The People of the Abyss. By Jack London, Pluto Press, 1998.
First published in 1903, this has now been re-issued as a Pluto Classic, with the 1977 introduction by Jack Lindsay. Lindsay hails The People of the Abyss, along with The Iron Heel (1907), as "the two works in which [London] most fully uttered his socialist faith and integrated his vision". There is no doubt of the horror of his descriptions of life amongst the workers of the East End of London and the powerful impact which his experiences had both on him and on generations of his readers. Upton Sinclair described how "for years afterwards the memories of this stunted and depraved population haunted [London] beyond all peace".
It is as a record of a society polarised between the "sickly and underfed" and the "riotous and rotten" that London's book acquired the reputation of a "socialist classic". The photographs which accompanied the original publication are particularly striking (some of these are reproduced in The Streets of East London by William J Fishman). But to those with more than a passing knowledge of the East End, it is a partial picture. London's aim in writing this book was to focus on the conditions experienced by the homeless, destitute and unemployed. Members of the "respectable" working class featured only in so far as they lived in the constant shadow of destitution.
The result is a portrayal of such unremitting degradation that London (and his contemporary American readership) were unable to bridge the gulf between themselves and those whose lives he described. These became "a noisome rotten tide of humanity", "a menagerie of garmented bipeds that looked something like humans and more like beasts". These are not the phrases of empathy with fellow workers, but of fear and loathing of outcast people. Large sections of the population were not mentioned by London at all, such as the Jewish community in Whitechapel (where he undertook most of his investigations) and the Chinese community in Limehouse. This may have had more than a little to do with London's self-declared racism: "I am first of all a white man, and only then a Socialist". Or not a socialist at all . . .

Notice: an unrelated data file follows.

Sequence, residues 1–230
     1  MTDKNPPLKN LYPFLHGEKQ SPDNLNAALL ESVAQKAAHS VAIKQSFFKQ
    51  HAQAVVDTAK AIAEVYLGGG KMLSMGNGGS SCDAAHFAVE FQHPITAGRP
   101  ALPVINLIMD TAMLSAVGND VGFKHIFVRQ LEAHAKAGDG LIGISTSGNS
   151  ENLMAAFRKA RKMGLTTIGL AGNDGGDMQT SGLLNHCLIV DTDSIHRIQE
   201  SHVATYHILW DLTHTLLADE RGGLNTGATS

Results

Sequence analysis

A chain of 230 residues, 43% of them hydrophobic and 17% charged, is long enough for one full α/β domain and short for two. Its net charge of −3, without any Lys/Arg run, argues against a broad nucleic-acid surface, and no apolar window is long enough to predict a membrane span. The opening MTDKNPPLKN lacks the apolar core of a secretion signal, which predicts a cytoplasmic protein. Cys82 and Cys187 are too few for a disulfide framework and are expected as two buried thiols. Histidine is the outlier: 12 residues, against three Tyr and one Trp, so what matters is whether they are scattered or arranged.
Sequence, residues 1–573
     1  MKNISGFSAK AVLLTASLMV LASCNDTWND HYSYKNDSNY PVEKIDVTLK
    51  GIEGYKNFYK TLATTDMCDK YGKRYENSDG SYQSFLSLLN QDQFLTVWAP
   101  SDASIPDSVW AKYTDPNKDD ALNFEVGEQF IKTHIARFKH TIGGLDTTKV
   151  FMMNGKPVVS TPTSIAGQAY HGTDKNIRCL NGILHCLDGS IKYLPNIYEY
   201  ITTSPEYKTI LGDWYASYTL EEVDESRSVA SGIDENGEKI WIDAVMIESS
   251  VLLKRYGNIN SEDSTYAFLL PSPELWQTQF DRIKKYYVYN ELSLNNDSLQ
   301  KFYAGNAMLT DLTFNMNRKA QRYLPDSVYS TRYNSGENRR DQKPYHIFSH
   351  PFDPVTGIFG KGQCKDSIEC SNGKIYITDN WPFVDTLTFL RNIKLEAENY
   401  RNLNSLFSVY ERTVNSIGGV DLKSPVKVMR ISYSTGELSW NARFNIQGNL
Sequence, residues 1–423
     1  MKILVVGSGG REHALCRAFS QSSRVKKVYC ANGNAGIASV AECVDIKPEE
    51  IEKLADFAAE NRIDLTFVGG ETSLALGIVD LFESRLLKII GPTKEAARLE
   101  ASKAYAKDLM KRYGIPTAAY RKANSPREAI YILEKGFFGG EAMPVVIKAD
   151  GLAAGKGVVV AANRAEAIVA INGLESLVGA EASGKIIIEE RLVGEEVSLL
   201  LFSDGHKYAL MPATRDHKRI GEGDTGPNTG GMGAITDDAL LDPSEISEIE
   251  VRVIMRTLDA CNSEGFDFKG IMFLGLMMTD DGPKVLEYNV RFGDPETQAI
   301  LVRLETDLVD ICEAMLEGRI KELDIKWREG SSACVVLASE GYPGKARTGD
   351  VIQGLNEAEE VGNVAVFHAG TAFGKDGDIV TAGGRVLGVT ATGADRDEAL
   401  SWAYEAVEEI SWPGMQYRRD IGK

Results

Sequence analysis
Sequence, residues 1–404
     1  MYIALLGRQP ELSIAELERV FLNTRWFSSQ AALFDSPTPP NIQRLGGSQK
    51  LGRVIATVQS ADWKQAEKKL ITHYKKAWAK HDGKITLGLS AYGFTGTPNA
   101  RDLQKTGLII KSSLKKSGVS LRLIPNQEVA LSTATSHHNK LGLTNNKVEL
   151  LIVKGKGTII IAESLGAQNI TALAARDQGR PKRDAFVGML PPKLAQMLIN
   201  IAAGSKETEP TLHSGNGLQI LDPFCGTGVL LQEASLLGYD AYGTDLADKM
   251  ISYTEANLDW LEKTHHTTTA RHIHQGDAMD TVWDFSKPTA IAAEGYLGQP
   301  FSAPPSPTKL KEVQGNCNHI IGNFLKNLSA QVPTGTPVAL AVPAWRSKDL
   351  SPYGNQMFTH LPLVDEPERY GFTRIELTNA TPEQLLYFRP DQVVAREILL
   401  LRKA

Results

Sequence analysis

Furthermore, as an analysis of how to get out of the abyss, the book is on shaky ground. The thread of outrage that runs through the book culminates in a chapter on "The Management" in which London addresses the question of whether "Civilisation bettered the lot of the average man". Despite it having vastly increased "producing power" (the means of generating wealth), civilisation (by which he meant the British Empire) had singularly failed to share this wealth equitably. This was due, he argued, to the criminal mismanagement of the economy by its ruling class. As a consequence, London judged that the slum dwellers of the East End lived in conditions worse than animals, and far worse than did the Inuit people, with whom he was familiar from his travels in Alaska. His conclusion was that "society must be reorganised and a capable management put at its head".
This is weak to say the least, after such a vivid portrait of poverty, and it is certainly not the socialist case. The clearest statement of London's political philosophy emerges from his discussions with the carter and the carpenter. Dismissing their talk of revolution as the talk of "anarchists, fanatics and madmen", he declared an "evolutionary belief in the slow development and metamorphosis of things". And he reserved his greatest praise, not for any socialist orator or trade unionist, but for Dr Barnardo and his work with the children of the poor (or, "the progeny of the gutter folk"). London's anger and his moral outrage on behalf of the poor were genuine and passionately expressed. He understood the relationship which existed (and still exists) between the riches of the rich and the poverty of the poor. He also understood the futility of addressing poverty as an individual failing rather than a social condition. But none of this makes The People of the Abyss a socialist vision, for we will not climb out of the abyss of capitalism by changing the management.